Trevor Baylis OBE CBE, wrote the following comments for the back of this book.
Colin and I stem from the same group of acrobatic enthusiasts back in the early sixties. Each weekend we would all descend upon the local swimming baths with devastating effects.
Since those times, Colin, like the rest of us, has gone his own separate way of inventiveness. (It must have been something in the water!)
The book is a compilation that works its way from an imaginative narrative into light-hearted anecdotes and poetry, before finishing on a more serious note with a dissertation and its associated poetry.
The first part of this book is absolutely true about someone who is very close to Colin. This is a study of human psychology, as its accompanying dissertation will illuminate.
The second story is a fictional journey – a tale of the unexpected.
Following that, is a short, emotional tale of Colin’s experience in Australia involving a dear old man and his precious find.
His poetry and prose are mixed and in alphabetical order, some serious and some extremely comical.
The final part, although woven around a story, has some deep probes into the mind of mankind.
Once again, Colin’s focus is totally on philosophical issues, he has done so because dark and unjust influences have created deep-rooted anomalies that have distorted many of mankind’s judgements and actions.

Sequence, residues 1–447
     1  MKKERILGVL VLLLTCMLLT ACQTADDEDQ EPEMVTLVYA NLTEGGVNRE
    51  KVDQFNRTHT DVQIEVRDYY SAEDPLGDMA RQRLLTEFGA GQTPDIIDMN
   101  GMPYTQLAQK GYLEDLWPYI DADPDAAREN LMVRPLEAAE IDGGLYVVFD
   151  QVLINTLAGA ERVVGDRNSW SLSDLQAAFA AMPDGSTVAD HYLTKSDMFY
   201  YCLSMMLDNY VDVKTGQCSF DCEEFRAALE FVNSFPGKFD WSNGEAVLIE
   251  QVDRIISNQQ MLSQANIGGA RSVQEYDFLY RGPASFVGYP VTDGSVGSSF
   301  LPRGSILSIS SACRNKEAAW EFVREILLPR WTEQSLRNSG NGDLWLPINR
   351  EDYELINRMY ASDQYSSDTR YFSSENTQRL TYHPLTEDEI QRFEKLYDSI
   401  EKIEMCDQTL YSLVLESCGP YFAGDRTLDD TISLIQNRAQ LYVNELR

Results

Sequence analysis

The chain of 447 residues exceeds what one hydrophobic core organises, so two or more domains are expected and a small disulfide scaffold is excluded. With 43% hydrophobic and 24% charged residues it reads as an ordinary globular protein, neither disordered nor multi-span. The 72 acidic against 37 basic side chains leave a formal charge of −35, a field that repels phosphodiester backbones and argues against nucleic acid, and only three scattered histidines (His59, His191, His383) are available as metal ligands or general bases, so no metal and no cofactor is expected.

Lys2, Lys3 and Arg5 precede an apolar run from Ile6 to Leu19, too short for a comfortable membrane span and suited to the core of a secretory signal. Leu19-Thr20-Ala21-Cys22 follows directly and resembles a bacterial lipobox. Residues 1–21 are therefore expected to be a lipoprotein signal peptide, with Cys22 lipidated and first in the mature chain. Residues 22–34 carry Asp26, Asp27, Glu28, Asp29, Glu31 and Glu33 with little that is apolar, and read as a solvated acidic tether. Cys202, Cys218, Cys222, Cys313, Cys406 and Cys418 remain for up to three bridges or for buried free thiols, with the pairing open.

It may appear also, that he has moved radically off course when he goes into the realms of the paranormal but this is not the case, for again it will also expose the deep damage done to the human psyche from bogus faith systems.
What Colin discovered from his journey into psychic happenings, and the astounding evidence he has gathered from it, confounds conventional thought.
Some aspects of this book are necessarily autobiographical, for in doing so, they touch upon the murky world that is often at work beneath our conditioned, observational radar. Truth does not make friends when it runs counter to conventional acceptances, especially so, when it takes the deepest possible plunge into the underlying psychological machinery that makes mankind what it is and, sadly not what it should have been.